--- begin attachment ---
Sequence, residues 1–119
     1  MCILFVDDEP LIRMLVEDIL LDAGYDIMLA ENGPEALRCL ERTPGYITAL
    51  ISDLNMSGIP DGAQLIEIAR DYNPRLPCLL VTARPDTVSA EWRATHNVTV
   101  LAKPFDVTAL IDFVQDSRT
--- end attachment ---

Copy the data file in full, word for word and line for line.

Sequence, residues 1–119
     1  MCILFVDDEP LIRMLVEDIL LDAGYDIMLA ENGPEALRCL ERTPGYITAL
    51  ISDLNMSGIP DGAQLIEIAR DYNPRLPCLL VTARPDTVSA EWRATHNVTV
   101  LAKPFDVTAL IDFVQDSRT